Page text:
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Men's Working Lives
Women at Work: Values
In the first half of the century, the unemployment rate oscillated from a low of 1.4 percent in 1918–1919 to a peak of 24.9 percent in 1933 and then to another low of 1.2 percent in 1944. After 1950, these fluctuations became less severe as the business cycle moderated (see page 244).
Before and after the Great Depression, unemployment was largely a blue-collar affliction. Nearly two-thirds of the male factory workers in a sample of Middletown families interviewed by the Lynds had at least one spell of unemployment during the first nine months of 1924. None of the white-collar employees in the sample had that experience.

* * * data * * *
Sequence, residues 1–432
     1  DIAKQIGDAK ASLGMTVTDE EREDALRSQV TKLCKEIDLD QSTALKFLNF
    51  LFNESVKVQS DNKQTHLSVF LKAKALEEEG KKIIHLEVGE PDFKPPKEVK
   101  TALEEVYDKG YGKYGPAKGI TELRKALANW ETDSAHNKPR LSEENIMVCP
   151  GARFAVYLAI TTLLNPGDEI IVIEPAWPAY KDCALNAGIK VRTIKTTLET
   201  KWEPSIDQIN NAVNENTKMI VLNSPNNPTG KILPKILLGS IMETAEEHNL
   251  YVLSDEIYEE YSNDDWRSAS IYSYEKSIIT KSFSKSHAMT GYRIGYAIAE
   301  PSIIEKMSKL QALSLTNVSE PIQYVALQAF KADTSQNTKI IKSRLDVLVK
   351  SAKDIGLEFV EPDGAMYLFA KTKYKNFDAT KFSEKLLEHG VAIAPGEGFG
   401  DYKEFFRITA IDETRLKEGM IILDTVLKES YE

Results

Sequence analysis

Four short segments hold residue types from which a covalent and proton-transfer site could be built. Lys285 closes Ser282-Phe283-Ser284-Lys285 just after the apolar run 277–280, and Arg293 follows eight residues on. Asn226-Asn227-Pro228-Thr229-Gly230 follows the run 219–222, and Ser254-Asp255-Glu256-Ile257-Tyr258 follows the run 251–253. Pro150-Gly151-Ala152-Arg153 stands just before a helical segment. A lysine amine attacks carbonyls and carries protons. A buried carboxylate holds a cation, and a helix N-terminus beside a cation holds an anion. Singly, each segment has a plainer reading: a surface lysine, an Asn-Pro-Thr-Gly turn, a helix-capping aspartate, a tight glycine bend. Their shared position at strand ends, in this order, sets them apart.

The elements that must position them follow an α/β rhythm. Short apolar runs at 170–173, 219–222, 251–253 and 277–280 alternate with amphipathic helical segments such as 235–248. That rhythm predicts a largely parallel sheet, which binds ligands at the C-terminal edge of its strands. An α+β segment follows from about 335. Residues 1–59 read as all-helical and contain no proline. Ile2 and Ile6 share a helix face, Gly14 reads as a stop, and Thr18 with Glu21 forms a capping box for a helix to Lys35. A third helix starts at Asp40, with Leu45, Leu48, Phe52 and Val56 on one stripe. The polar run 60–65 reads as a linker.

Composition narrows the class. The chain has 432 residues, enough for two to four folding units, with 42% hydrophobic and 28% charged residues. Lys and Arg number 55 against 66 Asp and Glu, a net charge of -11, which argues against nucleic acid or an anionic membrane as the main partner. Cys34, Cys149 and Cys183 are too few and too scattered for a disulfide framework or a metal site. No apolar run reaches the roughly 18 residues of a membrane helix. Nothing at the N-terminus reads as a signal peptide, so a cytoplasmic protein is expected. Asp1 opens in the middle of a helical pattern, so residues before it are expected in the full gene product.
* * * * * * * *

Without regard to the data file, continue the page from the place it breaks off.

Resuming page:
At the end of the century, blue-collar workers had about twice the unemployment risk of white-collar workers. Within the white-collar group, sales and clerical personnel had about twice the risk of managers.
Education, race, and age generated differences as well. High school dropouts had about twice the unemployment risk of high school graduates, who in turn had about twice the risk of college graduates. Blacks had about twice the risk of whites. Men younger than age twenty-four had about twice the risk of men older than twenty-four. These relative differences tended to persist even as the rate of unemployment fluctuated.
HS series D 86; SA 1979, table 671; SA 1982–1983, table 654; SA 1998, table 677; and SA 1999, table 682. See also Bureau of Labor Statistics, Labor Force Statistics from the Current Population Survey, table A-1, at www.bls.gov/webapps/legacy/cpsatab1.htm (accessed August 23, 2000).